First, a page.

In today's economy, firms are challenged to continuously offer a portfolio of innovative products and services. Despite the key role of portfolio innovativeness for corporate performance, firms differ in their focus on building innovation capabilities and generating innovation outcomes. The continued presence of firm-level heterogeneity with respect to innovation strategy, however, remains a neglected topic in innovation research. Instead, the innovation literature largely focuses on project-level heterogeneity. Thereby, a large body of research from the strategy domain is neglected, which suggests that innovation outcomes result from corporate government issues. The theory of upper echelon, for instance, implies that innovation strategy results from idiosyncrasies of the top managers (Hambrick, 2007 and Hambrick and Mason, 1984). On the project level, innovation research has devoted a lot of attention to the relevance of top management involvement (Cooper and Kleinschmidt, 1995, Jarvenpaa and Ives, 1991 and Montoya-Weiss and Calantone, 1994). Top management involvement is both analyzed in terms of the degree of attention devoted to the individual innovation project (Bonner, 2002) as well as with respect to the concrete project input due to top management support (Song and Parry, 1996). Empirical evidence largely supports the notion that top management involvement is an important driver of innovation project performance (Cooper and Kleinschmidt, 1995). Yet, this level of analysis does not acknowledge the fact that top managers are actors, whose main responsibilities are at the corporate level. Top managers determine the overall strategic direction of the firm, decide about the project portfolio composition, and assign resources across innovation projects. Hence, for the innovation literature, it is an important research contribution to employ a firm-level perspective for investigating the influence of top managers on innovation strategy and subsequent innovation outcomes. In the strategy literature, the influence of top managers is most often related not to one individual person but rather to the entire top management team (TMT) (Hambrick, 2007 and Hambrick and Mason, 1984). Top managers make decisions consistent with their cognitive frames, which are a function of their education, functional background, experience, and values (Smith et al., 1994). On this background, it is often argued that TMT composition may directly affect innovation strategy and resulting innovation outcomes (Bantel and Jackson, 1989, Hambrick, 2007 and Hambrick and Mason, 1984). Prior strategy research, however, has focused on the direct relationship between TMT characteristics and firm performance. But the empirical support of such a direct link remains equivocal at best, as a recent meta-analysis by Certo et al. (2006) highlights. Based on this result, several scholars conclude that instead of investigating a simple, direct relationship between TMT characteristics and firm performance, variables that affect this relationship should be explored (e.g., Joshi and Roh, 2009, Reis et al., 2007 and van Knippenberg and Schippers, 2007). As of yet, however, little research attention has been devoted to such mediating processes (Hambrick, 2007), and those scholars who have (e.g., Knight et al., 1999, Li and Hambrick, 2005, Simons et al., 1999 and Smith et al., 1994) were mainly interested in the influence of TMT diversity on the TMT's social behavior. Hence, empirical evidence for mediated relationships is still rare, particularly when it comes to mediated relationships that consider aspects of innovation strategy and innovation outcomes. Improving the understanding of the role of these aspects in such mediated relationships would thus be a valuable contribution for the innovation literature. From a project perspective, innovation research may provide insight from a related topic. For cross-functional teams, vast evidence implies mainly positive effects on innovation outcome measures, like product innovativeness and product performance (Brown and Eisenhardt, 1995, Hoegl and Proserpio, 2004, Ittner and Larcker, 1997, Keller, 2001 and Lovelace et al., 2001). It is found that diversity among innovation team members can have a positive impact on creativity, task reflexivity, and information sharing, which then leads to superior innovation outcomes (e.g., Dahlin et al., 2005). Still, the question whether these diversity findings can be transferred to TMTs, and hence, to the firm level, remains to be answered. Answering this question is of particular relevance as in many firms TMT diversity is rather limited (Daily et al., 2003 and Gallen, 2009). If empirical evidence for the positive effect of team diversity for innovation outcome would also materialize for TMTs, this could have major implications for designing effective TMTs. Building on these research gaps, this study contributes to the literature by putting the corporate governance view on innovation management to an empirical test. For firms with a dominant or single-product business, we investigate whether TMT diversity enhances firm performance by facilitating an innovation strategy that increases the firm's new product portfolio innovativeness. Thereby, we contribute to the innovation literature by employing a firm-level perspective for investigating the influence of team diversity on innovation strategy and subsequent innovation outcomes. In addition, also the strategy literature can benefit from our research. By investigating the mediating role of a firm's innovation strategy and its new product portfolio innovativeness, we bridge the gap between TMT characteristics and firm performance. The paper proceeds as follows: in the following section, we review the strategy literature, which suggests that TMT composition affects strategic choices and performance. We then discuss the relevance of considering the influence of TMT composition on innovation strategy, new product portfolio innovativeness, and firm performance and develop hypotheses for both direct and indirect relationships. Following the empirical assessment of these hypotheses, we discuss our findings and derive implications for both policy makers and innovation researchers.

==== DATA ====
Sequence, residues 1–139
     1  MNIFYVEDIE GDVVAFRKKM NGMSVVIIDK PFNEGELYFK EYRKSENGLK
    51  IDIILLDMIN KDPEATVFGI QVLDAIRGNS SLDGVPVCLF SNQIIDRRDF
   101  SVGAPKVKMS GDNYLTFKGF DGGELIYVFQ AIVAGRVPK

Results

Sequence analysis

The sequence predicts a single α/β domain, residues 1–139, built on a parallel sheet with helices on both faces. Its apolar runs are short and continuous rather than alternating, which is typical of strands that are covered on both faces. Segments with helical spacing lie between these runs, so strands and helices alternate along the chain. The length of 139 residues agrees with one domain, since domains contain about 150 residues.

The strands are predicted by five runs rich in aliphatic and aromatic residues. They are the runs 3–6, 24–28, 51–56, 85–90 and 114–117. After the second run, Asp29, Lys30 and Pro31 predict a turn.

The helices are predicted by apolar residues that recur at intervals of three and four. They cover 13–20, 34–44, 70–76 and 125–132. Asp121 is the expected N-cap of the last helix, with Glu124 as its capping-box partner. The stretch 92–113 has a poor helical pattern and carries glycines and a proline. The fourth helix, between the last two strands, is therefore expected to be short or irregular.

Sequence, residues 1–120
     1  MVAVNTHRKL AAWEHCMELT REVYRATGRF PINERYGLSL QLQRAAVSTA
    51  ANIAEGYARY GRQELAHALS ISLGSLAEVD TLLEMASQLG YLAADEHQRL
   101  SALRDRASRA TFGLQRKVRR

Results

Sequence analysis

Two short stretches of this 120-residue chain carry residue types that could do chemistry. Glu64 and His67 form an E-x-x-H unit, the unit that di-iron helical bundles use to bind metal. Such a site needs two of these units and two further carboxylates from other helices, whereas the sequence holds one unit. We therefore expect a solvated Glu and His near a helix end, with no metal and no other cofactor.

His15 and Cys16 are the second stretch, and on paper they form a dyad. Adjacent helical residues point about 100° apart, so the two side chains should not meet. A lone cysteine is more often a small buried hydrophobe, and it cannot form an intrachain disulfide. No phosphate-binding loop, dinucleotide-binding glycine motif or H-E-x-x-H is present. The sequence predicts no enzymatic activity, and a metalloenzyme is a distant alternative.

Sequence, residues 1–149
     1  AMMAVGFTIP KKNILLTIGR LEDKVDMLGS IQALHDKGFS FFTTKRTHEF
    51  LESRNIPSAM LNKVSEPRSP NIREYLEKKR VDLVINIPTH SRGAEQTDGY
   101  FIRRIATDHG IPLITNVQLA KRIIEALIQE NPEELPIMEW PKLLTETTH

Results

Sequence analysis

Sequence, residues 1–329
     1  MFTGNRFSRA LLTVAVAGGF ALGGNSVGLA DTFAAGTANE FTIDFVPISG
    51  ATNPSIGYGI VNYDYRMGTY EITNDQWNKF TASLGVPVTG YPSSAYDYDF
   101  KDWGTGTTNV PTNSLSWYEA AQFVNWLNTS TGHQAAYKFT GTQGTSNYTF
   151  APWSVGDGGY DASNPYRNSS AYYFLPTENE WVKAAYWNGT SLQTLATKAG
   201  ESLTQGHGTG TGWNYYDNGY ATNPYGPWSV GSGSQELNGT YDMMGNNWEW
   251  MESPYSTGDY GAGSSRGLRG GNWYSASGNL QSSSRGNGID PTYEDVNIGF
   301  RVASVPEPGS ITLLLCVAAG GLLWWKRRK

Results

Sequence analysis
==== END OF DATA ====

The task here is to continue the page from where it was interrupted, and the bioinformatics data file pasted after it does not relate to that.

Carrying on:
نتیجه گیری انگلیسی
Our research transfers the theory of upper echelon to the innovation literature. Upper echelon theory explains the influence of top managers’ characteristics by referring to bounded rationality. Relying on this literature we hypothesize that task-oriented TMT diversity enhances firm performance by facilitating an innovation strategy that increases new product portfolio innovativeness. Our empirical results support our hypotheses. These findings imply that corporate governance arrangements affect the innovation management within firms. For this reason, the innovation literature should devote more attention to investigating the effects of corporate governance issues in the innovation context. Simultaneously, our results suggest that the strategy and corporate governance literature may recur with benefit to the innovation literature. Assessing innovation management aspects as a result of corporate governance and strategy arrangements may allow to better understand underlying performance mechanisms.